(Updated with additional FirstNet statement at 3:08 p.m. EST on March 7)

Decisions regarding many FirstNet contractor positions are being made by officials from the U.S. Department of Commerce (DOC) or the National Telecommunications and Information Administration (NTIA), instead of being selected by FirstNet management, according to former FirstNet contractor and mobile wireless consultant Andrew Seybold.

FirstNet initially hired Seybold as a contractor last August but recently informed him that the working relationship had been terminated, Seybold stated in a weekly e-mail newsletter to subscribers.

“I was the Public Safety Communications Advisor to the FirstNet management team,” Seybold wrote. “My contract lasted until mid-December, when DOC/NTIA decided to change how contractors are chosen and compensated. Three months after undertaking this new process, I have been informed that many of the incumbent contractors, including myself, are being replaced with others chosen not by FirstNet but rather by the DOC/NTIA.

“I enjoyed my time working with the FirstNet team; I have nothing but praise for their dedication and professionalism. I will miss working with FirstNet but for now, in sports vernacular, I am a free agent.”

FirstNet spokesman Corey Ray provided the following statement in response.

“On behalf of FirstNet, the Department of Commerce Office of Acquisition Management issued two competitive solicitations to three service disabled veteran-owned small businesses, for a total of four contractor positions,” Ray said in a prepared statement. “This process was an open competition and evaluation, which involved a sound technical assessment of each proposal, followed by a determination of which submission offered the best value for the agency.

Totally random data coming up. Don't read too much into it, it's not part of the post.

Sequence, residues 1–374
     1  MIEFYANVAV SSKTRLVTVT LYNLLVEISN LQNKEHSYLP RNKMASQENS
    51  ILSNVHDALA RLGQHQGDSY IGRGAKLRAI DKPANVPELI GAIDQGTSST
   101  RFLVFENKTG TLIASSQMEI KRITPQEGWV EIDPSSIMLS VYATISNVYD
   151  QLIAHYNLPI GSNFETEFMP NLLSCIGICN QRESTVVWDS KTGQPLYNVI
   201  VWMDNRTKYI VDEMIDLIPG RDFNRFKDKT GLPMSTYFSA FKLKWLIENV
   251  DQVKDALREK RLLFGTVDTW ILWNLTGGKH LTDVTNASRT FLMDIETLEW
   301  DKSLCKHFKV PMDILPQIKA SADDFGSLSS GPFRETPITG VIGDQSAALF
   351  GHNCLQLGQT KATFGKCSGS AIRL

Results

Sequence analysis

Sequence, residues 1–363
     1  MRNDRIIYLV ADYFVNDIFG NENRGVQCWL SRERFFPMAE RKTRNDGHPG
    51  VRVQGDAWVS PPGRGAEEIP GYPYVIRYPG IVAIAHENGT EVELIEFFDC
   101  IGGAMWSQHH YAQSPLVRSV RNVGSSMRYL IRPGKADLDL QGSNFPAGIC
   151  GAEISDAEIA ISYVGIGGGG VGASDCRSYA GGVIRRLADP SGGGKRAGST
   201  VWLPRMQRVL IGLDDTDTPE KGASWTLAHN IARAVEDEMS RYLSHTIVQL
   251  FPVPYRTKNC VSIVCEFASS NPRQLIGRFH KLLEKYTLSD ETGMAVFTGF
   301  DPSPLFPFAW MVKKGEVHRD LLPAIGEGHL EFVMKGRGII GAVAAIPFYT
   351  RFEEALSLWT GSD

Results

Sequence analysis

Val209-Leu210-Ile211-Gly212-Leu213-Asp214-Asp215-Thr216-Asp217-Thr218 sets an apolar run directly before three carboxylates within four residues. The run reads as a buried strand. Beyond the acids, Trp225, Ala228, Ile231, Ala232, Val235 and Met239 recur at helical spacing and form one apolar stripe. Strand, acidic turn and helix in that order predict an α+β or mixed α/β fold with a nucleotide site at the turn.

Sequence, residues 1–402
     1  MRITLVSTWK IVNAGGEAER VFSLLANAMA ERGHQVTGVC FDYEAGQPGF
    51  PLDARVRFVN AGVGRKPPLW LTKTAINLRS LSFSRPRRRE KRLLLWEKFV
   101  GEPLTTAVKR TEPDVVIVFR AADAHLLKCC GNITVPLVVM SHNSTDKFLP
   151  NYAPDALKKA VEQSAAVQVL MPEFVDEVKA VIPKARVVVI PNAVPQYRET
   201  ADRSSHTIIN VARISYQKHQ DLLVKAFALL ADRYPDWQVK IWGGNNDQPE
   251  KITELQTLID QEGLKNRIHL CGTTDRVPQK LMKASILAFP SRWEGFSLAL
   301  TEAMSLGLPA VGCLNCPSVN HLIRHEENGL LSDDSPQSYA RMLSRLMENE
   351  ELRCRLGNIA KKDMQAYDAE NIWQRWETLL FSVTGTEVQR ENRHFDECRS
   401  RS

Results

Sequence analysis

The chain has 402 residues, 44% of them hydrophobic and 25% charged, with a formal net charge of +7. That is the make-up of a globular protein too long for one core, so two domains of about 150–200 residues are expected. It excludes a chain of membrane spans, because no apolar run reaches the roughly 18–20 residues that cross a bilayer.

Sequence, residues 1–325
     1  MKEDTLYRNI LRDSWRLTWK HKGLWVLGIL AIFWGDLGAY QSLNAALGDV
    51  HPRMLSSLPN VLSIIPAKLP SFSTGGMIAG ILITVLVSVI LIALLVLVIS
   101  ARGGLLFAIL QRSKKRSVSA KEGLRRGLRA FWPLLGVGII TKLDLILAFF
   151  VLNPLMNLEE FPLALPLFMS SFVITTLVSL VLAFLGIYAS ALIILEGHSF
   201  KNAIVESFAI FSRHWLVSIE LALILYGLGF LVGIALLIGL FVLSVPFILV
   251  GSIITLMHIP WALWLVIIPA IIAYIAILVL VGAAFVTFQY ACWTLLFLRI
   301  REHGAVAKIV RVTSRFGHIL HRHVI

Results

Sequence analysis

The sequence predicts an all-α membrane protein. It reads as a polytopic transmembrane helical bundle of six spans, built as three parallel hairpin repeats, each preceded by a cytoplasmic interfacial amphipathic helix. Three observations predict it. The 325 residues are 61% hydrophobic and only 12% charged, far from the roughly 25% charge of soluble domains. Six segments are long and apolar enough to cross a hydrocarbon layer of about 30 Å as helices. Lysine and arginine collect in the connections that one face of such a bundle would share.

“At the completion of the process, it was determined that Information Management Resources Inc. (IMRI) would be selected to assist FirstNet in work related to network design and deployment.”

Ray also offered further clarification about the procurement process for contractors.

“FirstNet management was in complete control of its own procurement action with support of its contracting office," Ray said in a prepared statement. "NTIA had no role in the procurement or decision-making process for these contracts.”

According to legislation Congress passed two years ago, FirstNet was established as “an independent entity within NTIA,” with NTIA continuing as part of the DOC. Language in the legislation specifically exempts FirstNet from at least one traditional federal-government-agency obligation—the Freedom of Information Act (FOIA)—but what the “independent entity” designation means from a legal perspective has been a source of considerable discussion among federal attorneys during the past two years, according to multiple sources.